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Low income women in New York City are facing hardships at a high rate, according to “The Unheard Third 2009: Hardships and Worries for Low-Income Women.” The Unheard Third is a survey of more than 1,200 low and low to moderate income New Yorkers. This year, the survey takes a close look at several areas where low-income women are negatively impacted; including employer sponsored benefits, savings, and debt. The survey also explores the high level of hardship and overall worries of low-income women.
“The economic conditions in New York City and in urban centers across the country have been particularly hard on low income women,” said David R. Jones, president and CEO of the Community Service Society of New York. “The supports for low-income women, are insufficient, particularly for women raising children and trying to provide a decent quality of living for themselves and their children.”
In the area of benefits, low-income working mothers, like all low-income workers, report low rates of receiving employer-sponsored benefits. Roughly 4 in 10 receive health insurance for their families or paid sick leave, and only 3 in 10 receive prescription drug coverage.
Low-income working mothers also report serious housing-related hardships - 4 in 10 low-income working mothers report that they had the gas, electricity or phone turned off in the last year because the bill was not paid, 1 in 3 fell behind in rent or mortgage, and almost 1 in 5 were threatened by foreclosure or eviction. Low-income working mothers reported having their utilities shut off due to lack of payment at roughly double the rate of low-income working women without children or low-income men.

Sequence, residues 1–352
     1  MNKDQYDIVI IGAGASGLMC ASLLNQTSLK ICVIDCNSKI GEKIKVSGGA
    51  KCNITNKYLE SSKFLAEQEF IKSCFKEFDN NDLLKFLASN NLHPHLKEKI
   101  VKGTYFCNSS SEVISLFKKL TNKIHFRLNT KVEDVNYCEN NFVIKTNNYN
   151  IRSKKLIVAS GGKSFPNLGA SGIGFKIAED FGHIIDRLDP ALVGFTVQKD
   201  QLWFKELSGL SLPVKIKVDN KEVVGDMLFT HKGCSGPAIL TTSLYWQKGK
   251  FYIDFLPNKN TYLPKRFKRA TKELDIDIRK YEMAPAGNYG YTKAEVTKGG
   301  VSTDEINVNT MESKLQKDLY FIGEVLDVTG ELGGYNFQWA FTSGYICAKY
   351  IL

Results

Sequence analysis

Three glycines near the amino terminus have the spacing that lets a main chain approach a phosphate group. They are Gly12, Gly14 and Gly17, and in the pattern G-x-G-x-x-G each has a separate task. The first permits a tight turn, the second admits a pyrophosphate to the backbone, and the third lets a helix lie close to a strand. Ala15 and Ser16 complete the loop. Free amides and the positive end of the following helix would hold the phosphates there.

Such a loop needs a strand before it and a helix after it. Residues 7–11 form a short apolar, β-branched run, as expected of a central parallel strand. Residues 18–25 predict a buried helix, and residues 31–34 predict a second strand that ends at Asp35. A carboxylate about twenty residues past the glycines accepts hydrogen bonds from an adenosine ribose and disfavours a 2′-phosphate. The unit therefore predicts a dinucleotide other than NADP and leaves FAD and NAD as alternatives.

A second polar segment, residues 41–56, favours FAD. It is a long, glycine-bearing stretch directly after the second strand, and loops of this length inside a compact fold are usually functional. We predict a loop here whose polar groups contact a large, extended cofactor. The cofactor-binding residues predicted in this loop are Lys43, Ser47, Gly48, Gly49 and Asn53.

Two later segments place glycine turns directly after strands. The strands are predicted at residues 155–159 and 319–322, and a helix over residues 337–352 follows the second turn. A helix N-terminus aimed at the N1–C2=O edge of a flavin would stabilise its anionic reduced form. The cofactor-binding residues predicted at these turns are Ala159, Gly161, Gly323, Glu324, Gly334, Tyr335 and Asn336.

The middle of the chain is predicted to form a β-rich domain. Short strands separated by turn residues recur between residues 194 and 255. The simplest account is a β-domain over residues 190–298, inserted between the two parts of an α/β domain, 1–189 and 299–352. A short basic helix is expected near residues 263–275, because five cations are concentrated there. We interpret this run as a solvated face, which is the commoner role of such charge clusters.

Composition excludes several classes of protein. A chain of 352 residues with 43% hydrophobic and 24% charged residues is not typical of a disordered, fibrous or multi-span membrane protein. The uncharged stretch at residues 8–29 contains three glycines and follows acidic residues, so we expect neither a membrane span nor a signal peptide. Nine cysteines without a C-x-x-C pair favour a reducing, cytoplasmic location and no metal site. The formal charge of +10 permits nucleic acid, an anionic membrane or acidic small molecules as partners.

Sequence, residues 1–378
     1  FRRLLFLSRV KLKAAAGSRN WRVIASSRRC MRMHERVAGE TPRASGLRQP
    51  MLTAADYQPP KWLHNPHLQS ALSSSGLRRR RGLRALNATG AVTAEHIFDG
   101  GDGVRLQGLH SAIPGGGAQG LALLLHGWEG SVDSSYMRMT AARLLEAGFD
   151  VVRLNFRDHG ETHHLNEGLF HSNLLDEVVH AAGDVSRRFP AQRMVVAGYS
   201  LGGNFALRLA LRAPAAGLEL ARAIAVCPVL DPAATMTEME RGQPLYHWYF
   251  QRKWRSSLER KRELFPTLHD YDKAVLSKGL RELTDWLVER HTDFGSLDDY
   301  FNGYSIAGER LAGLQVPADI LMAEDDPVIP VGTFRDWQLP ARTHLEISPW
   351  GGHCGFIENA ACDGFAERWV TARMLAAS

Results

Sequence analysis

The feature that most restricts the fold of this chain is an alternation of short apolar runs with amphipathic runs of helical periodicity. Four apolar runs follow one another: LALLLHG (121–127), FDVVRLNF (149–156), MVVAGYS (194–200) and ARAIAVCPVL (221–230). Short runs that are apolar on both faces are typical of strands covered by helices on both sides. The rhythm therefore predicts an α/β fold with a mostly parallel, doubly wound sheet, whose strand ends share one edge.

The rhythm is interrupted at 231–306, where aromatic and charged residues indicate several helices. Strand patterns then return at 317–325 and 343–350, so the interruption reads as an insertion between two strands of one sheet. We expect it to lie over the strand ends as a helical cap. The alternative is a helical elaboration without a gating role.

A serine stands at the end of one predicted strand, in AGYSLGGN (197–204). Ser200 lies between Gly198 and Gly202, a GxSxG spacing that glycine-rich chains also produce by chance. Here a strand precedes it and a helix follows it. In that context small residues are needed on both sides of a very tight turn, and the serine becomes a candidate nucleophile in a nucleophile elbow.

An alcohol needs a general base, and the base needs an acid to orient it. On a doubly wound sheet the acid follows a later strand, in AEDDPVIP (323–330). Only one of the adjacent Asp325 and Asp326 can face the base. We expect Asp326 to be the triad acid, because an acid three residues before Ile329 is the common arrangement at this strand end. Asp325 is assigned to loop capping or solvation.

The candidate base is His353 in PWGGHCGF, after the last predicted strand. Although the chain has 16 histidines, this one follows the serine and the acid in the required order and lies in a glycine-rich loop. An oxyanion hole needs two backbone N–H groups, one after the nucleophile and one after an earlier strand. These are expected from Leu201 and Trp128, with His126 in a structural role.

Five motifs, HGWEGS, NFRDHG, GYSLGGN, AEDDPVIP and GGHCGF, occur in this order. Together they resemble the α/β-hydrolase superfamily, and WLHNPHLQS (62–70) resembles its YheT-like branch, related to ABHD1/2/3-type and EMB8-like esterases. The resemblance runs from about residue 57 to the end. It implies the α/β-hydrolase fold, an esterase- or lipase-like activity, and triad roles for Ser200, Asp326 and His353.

When asked about their job experiences in the last year, 23 percent of low-income working mothers reported losing their jobs, 44 percent had their hours, wages or tips reduced, and 52 percent experienced one or both of these setbacks.
Low-income women also report significant health hardships. Also, half of low-income working mothers report going to work sick “frequently” or “sometimes” because they worried about losing their jobs or pay if they missed work to recover or receive needed medical care. 1 in 4 reported sending their children to school or daycare sick because they could not take time off from work to care for them.
More than 1 in 3 (36%) of low-income women say they have no savings whatsoever. Sixty-five percent of low-income working mothers report having $500 or less to fall back on if tough times hit their families, compared to 55 percent of low-income working women without children.
Debt accumulation presents another hardship for low-income working mothers. Roughly 1 in 4 low-income women report having medical debt, regardless of their employment status or whether they have children. A quarter of low-income working mothers report owing rent and mortgage back payments.
These hardships have resulted in many low-income working mothers worrying about how to cover expenses and still provide for a family. The survey reports 6 in 10 low-income working mothers report that they worry all of the time or most of the time that their total family incomes will not be enough to meet their families’ expenses and bills.
Learn more about this survey
“The Unheard Third,” conducted by CSS and fielded by the national polling firm Lake Research Partners, is a unique snapshot of the policy preferences and experiences of low-income New Yorkers. The survey is partially funded through the support of The New York Times Company Foundation. CSS has used the survey to inform and guide its research, direct service programs, and policy recommendations. It has served to narrow the focus of the agency’s agenda on the working poor and reinforce its belief that public policy aimed at this population must, in part, be guided by the life experiences and ideas of New Yorkers living in poverty.